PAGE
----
Fall Cover Crops Provide Viable Grazing Program for Stocker Cattle
Monday, February 12, 2024
By Julia Gerlach
Cover crops are frequently praised for improving soil function, reducing erosion, and suppressing weeds, along with the other soil health benefits they provide. But finding a way to convert them from an expense to a profitable enterprise can sometimes prove elusive. For producers with cattle, however, the formula is easier to pencil out.
For Luke Perman, a Lowry-area rancher, a cover crop grazing demonstration conducted at Dakota Lakes Research Farm this fall provided just the insights and evidence he needed to boost his confidence in putting together a fall cover crop grazing plan for his yearlings in 2024.
For the program, Perman sent 67 yearlings to Dakota Lakes on Oct. 4, 2023, averaging 823 pounds when they arrived at Dakota Lakes.
Perman’s animals, along with 12 stockers belonging to Dakota Lakes, were put out to graze a field of cover crops (oats and triticale) and an adjoining field of corn stalks. The cover crops had been swathed and allowed to regrow, so the animals had access to the swathed cover crop, cover crop regrowth, and corn stalks. In addition, for the final six weeks of the demo, the animals also received supplemental feed to the tune of 2.5 pounds per head per day and increasing to 17 pounds per head per day by the end of the demo. The grain was provided in custom-made movable bunks connected to an irrigation rig. The bunks were moved 90 feet every day and a hot wire hung from the irrigator kept the animals contained.
According to Cody Zilverberg, consulting scientist for Dakota Lakes, the purpose of the demonstration was to “learn how much weight the animals could gain on the feed we had available, specifically cover crops, crop residue, and supplements like flaxseed meal and corn grain.”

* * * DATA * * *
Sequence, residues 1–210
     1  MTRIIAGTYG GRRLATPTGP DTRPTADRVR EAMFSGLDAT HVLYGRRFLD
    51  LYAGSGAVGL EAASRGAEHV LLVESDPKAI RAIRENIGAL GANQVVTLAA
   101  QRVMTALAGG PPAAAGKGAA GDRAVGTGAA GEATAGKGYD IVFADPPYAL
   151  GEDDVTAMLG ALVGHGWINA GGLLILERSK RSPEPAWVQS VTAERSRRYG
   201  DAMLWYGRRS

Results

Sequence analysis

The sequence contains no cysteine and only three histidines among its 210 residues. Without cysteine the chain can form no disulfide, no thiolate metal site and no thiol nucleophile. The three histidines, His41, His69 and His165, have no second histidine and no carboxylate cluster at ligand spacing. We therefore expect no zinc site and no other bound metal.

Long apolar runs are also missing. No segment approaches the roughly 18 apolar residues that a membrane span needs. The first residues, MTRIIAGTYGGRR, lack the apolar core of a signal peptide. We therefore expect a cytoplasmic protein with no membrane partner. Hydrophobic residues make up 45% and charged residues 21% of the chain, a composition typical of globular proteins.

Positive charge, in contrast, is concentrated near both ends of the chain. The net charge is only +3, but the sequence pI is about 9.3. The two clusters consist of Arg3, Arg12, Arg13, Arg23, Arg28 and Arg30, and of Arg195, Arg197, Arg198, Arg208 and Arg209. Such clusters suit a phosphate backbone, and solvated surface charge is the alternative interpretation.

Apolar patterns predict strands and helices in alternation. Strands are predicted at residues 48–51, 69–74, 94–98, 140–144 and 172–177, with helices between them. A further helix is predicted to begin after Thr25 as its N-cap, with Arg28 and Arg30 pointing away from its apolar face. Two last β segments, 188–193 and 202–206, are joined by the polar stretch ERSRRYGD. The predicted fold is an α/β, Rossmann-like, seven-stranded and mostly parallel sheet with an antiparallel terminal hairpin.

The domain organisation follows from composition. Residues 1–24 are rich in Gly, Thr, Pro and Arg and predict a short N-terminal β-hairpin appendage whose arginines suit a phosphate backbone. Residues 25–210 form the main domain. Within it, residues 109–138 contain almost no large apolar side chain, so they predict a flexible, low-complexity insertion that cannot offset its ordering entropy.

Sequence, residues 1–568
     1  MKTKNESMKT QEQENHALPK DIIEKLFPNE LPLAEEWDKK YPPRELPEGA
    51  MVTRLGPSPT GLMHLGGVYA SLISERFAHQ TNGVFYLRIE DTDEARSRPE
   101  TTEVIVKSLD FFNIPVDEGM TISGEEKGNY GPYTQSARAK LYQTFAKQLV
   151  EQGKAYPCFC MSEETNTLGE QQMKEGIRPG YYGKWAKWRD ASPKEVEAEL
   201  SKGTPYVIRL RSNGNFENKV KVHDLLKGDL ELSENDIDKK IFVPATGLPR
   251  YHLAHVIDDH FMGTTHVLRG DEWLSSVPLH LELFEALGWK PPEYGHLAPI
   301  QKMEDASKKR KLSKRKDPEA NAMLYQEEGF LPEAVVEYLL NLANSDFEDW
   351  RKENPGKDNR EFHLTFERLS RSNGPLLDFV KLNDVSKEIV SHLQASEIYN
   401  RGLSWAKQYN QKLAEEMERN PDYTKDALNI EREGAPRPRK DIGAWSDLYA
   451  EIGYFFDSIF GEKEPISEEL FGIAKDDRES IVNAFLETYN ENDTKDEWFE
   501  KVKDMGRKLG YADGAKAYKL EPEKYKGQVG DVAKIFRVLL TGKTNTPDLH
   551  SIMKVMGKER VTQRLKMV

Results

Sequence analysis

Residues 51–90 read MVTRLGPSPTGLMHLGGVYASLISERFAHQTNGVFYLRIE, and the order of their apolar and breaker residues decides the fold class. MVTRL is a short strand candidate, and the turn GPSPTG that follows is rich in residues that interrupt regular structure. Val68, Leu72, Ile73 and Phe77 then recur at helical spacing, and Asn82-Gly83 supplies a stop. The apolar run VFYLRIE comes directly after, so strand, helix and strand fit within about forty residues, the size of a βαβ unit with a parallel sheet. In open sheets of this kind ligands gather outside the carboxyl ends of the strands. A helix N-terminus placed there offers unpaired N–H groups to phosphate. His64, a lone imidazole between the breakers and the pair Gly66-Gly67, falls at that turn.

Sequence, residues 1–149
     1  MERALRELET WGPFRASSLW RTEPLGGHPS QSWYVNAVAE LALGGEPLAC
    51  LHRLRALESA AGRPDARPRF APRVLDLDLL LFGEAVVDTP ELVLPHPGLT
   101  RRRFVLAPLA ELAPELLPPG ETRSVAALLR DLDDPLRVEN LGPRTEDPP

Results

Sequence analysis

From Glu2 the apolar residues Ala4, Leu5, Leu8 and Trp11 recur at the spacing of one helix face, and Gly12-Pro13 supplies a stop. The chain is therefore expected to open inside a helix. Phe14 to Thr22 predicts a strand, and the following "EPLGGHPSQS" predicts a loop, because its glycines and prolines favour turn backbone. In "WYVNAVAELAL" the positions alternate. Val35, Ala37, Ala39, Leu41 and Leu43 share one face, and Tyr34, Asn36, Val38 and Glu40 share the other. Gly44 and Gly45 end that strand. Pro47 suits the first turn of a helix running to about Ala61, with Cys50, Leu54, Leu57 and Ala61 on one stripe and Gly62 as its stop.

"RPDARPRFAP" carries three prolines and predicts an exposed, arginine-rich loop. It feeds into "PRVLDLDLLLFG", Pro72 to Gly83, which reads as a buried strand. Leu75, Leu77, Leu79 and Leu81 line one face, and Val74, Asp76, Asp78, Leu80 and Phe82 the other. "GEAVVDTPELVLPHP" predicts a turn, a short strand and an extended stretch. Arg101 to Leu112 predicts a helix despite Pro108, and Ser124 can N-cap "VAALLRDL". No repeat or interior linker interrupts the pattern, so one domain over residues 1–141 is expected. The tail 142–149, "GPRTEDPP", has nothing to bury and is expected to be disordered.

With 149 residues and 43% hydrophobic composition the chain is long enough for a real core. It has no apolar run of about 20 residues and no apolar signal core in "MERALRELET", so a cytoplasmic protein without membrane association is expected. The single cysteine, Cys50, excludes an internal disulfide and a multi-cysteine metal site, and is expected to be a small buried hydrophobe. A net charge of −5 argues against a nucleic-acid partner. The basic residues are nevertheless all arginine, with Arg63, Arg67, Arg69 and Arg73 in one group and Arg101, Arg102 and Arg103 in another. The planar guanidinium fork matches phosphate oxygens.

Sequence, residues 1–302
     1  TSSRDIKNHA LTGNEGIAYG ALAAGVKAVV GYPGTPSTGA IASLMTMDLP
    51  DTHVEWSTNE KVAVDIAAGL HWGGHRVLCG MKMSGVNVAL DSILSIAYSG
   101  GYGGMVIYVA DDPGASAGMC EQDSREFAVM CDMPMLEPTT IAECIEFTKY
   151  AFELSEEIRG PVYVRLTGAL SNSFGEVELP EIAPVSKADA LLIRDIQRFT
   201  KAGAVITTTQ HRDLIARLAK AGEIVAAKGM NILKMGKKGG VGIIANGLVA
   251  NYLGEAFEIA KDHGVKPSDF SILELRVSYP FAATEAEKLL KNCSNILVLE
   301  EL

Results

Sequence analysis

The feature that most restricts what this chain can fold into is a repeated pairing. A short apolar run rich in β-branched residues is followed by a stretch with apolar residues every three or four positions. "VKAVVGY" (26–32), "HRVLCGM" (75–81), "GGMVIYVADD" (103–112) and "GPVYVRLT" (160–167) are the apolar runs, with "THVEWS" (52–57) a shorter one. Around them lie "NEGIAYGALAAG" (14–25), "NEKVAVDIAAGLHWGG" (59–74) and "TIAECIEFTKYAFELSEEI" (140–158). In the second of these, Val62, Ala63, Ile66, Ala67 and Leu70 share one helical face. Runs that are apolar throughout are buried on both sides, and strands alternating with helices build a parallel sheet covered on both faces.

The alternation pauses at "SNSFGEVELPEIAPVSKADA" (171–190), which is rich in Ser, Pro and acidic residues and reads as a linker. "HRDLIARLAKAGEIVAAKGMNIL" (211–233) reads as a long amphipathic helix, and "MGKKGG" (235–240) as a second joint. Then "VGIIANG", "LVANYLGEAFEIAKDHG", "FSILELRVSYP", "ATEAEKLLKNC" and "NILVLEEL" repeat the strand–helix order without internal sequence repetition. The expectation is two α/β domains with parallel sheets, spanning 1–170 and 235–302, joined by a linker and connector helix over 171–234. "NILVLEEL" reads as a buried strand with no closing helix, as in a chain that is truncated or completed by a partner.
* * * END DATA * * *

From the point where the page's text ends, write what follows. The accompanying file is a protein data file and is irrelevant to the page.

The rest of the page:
When the animals were sold on Jan. 5, 2024, they averaged 1,024 pounds.
“They gained 2.2 pounds per day. That’s not bad, but I think we could have done better if we had begun feeding corn and flaxseed meal sooner,” Zilverberg says, adding that for Dakota Lakes the program was informative though not profitable for them, and exposed several ways in which the program could be improved.
“We’re still trying to find better ways to feed hay on crop fields without wasting so much. It’s expensive to waste hay, but it also causes uneven amounts of residue in a crop field which makes seeding next year’s crop more difficult. We fed into mobile bunks using a bale processor. The processor isn’t really made to do this, so we spilled a lot on the ground,” he says.
Better Gain on Covers
For Perman’s part, he was very pleased with the study, as he says it provided a concrete example of how he can successfully graze cattle on cover crops in the fall.
“It gives me the confidence to plan some of these season-long cover crops and have some expectation of what the cattle will gain through the fall,” he says.
In addition, the results of this demonstration helped him understand how to better utilize resources on his operation.
“In the past, we’ve put cows out on cover crops after weaning and they put on good fat for the winter, which is good but it’s not always necessary. A dry cow in early to mid-gestation doesn’t need to be that fat -- she just needs to get through the winter. I don’t get paid for those pounds,” he says. “But if I can turn a yearling out there and they continue to gain 2.2 pounds a day and the value of that gain is $1.50 to $1.75, I’m getting paid for those pounds and it’s turning into money in my hand when I go to sell them.